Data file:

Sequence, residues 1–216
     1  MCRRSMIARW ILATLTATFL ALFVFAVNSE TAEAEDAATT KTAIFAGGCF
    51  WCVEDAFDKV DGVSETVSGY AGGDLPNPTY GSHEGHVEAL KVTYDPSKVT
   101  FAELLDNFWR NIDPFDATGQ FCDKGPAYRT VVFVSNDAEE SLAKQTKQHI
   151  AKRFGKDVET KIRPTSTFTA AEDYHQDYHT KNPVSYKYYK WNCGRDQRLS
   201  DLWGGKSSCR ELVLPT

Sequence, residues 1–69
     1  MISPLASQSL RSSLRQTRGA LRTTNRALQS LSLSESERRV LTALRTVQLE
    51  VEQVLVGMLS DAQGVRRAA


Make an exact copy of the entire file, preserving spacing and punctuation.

Sequence, residues 1–216
     1  MCRRSMIARW ILATLTATFL ALFVFAVNSE TAEAEDAATT KTAIFAGGCF
    51  WCVEDAFDKV DGVSETVSGY AGGDLPNPTY GSHEGHVEAL KVTYDPSKVT
   101  FAELLDNFWR NIDPFDATGQ FCDKGPAYRT VVFVSNDAEE SLAKQTKQHI
   151  AKRFGKDVET KIRPTSTFTA AEDYHQDYHT KNPVSYKYYK WNCGRDQRLS
   201  DLWGGKSSCR ELVLPT

Sequence, residues 1–69
     1  MISPLASQSL RSSLRQTRGA LRTTNRALQS LSLSESERRV LTALRTVQLE
    51  VEQVLVGMLS DAQGVRRAA